Was riding this set up... it's the lightest and fastest winter bike I have ever cobbled together and I built it up for my friend but had to do some test riding to make sure it would be suitable for a new winter rider.

I might be studding the rear tire as well.



My last self studded tire just got retired after 4 seasons of winter riding... the screws were starting to tear through the tire casing and I need to build up a new 26 inch studded tire.
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Old 10-16-09, 07:33 AM   #42
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well, I guess my real question is, if you go w/ the version of self-made studs that has you driving a screw from the outside of the tire to the inside, wouldn't the pressure of riding just push the nails further into the tire and pop the tube (even if you dremel off the points on the inside of the tire)? If I drive the screws from inside to outside, I'm afraid the points will just wear down right away (and also ride really strangely) since I'll be on pavement the whole time.
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Old 10-19-09, 12:10 PM   #43
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I drive the 3/8" sheet metal screws into the outer knobs at an angle away from the tube. Sorry for the crayon attachment, but using MS paint is like using an etch-a-sketch.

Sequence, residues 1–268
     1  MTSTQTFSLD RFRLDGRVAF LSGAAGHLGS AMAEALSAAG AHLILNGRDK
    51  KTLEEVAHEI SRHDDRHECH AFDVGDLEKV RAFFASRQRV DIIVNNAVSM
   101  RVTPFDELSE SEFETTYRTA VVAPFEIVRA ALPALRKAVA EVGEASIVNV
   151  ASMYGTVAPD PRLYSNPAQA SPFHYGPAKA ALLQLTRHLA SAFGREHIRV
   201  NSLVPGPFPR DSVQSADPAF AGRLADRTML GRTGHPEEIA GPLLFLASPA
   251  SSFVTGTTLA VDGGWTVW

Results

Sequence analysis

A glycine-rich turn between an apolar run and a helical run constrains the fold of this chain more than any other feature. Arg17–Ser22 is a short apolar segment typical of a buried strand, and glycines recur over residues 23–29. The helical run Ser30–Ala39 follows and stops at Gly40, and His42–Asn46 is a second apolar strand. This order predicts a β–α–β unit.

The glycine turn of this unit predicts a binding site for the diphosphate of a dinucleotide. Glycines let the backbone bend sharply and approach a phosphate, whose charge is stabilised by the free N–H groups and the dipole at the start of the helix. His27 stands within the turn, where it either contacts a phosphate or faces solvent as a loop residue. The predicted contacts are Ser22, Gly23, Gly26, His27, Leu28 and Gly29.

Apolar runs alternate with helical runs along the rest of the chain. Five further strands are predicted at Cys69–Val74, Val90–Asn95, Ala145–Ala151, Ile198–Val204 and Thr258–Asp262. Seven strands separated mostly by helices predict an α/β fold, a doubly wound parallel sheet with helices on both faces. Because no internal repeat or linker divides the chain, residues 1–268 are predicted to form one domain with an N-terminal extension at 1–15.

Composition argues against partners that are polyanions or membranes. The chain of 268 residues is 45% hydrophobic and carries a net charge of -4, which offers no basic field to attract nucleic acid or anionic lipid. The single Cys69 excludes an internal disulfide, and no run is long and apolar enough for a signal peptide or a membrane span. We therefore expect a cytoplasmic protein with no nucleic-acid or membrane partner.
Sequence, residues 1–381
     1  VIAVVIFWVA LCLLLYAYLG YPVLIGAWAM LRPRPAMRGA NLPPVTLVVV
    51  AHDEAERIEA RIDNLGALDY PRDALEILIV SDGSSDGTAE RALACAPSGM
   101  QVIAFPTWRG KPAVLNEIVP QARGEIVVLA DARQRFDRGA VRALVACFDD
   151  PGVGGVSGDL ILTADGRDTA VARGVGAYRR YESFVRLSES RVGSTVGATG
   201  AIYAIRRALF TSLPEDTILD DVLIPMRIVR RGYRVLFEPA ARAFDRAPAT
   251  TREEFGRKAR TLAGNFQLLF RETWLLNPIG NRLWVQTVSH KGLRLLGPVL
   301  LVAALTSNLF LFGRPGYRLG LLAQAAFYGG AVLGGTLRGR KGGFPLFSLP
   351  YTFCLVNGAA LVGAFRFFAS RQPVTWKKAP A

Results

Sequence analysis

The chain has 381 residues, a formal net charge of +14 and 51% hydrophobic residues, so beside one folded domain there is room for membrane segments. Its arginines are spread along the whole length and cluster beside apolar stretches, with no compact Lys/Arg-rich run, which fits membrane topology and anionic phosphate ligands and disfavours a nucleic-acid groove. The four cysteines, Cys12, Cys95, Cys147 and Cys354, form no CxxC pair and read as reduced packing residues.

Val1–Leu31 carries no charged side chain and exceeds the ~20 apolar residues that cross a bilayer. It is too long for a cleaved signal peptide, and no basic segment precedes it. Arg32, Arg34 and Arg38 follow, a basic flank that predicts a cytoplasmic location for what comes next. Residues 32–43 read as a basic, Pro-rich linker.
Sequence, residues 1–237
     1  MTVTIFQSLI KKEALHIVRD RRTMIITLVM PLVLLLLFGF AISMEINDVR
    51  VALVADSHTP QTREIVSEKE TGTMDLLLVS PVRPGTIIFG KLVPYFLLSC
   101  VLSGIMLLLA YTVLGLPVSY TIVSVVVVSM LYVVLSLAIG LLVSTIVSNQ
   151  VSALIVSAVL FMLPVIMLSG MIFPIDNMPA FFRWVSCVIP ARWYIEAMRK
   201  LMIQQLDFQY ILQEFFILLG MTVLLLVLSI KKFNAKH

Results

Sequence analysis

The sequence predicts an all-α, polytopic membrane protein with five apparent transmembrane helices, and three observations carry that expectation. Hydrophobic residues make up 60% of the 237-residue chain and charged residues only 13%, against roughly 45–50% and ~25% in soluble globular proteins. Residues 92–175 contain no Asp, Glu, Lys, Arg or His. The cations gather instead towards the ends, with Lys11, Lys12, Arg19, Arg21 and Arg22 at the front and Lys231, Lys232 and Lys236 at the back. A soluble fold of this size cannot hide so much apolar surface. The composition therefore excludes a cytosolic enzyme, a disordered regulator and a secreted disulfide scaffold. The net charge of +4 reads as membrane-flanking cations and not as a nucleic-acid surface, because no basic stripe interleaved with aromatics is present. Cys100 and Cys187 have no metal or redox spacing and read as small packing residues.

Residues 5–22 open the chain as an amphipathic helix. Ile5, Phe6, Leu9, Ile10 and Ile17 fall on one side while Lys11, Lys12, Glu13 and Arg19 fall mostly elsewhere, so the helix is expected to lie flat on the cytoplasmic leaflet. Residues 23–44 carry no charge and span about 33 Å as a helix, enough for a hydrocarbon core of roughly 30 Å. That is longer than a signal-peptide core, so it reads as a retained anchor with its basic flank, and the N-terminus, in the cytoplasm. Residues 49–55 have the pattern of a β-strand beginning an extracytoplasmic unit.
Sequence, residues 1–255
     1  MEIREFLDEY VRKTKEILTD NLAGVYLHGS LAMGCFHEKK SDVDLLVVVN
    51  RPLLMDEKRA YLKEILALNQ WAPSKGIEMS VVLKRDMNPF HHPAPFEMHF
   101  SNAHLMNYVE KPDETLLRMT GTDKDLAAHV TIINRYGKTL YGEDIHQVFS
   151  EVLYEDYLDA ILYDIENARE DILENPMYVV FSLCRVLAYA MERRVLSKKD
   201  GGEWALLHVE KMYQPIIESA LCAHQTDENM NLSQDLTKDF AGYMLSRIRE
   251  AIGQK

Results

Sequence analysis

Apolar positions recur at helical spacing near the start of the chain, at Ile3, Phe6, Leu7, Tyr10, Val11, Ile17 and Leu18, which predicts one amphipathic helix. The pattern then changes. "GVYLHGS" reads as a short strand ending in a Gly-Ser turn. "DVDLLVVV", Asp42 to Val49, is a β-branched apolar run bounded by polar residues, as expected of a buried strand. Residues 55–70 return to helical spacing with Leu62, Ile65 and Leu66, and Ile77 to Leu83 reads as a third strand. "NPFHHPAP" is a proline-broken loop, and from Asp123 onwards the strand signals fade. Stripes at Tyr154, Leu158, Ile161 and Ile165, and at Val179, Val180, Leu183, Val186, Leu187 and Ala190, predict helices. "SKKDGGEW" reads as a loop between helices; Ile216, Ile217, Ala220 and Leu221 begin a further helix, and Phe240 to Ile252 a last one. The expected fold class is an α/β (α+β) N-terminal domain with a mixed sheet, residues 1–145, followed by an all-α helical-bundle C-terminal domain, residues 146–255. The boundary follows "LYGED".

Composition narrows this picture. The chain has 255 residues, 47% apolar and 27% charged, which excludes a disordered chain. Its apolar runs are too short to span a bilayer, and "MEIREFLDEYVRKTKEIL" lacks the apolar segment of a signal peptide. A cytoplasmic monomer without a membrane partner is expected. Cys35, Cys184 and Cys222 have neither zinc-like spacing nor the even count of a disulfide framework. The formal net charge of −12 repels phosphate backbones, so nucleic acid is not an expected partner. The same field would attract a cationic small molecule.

I've never used the commercial studs because this works really well for me. I always have a big front fender in case one flies off the tire, but I haven't had any problems.
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Old 10-19-09, 12:26 PM   #44
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this will not work on my slicks
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Old 10-22-09, 06:55 PM   #45
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You can stud slicks although there is more chance that the screw will tear out because it does not have any lug to support and cushion it.

Just finished building a new tire using a 2.2 Fisher Fat Trax (a classic mud tire) and 104 sheet metal screws... wish I could find another one of these tires as the tread pattern was simply ideal and the position of the studs is perfect.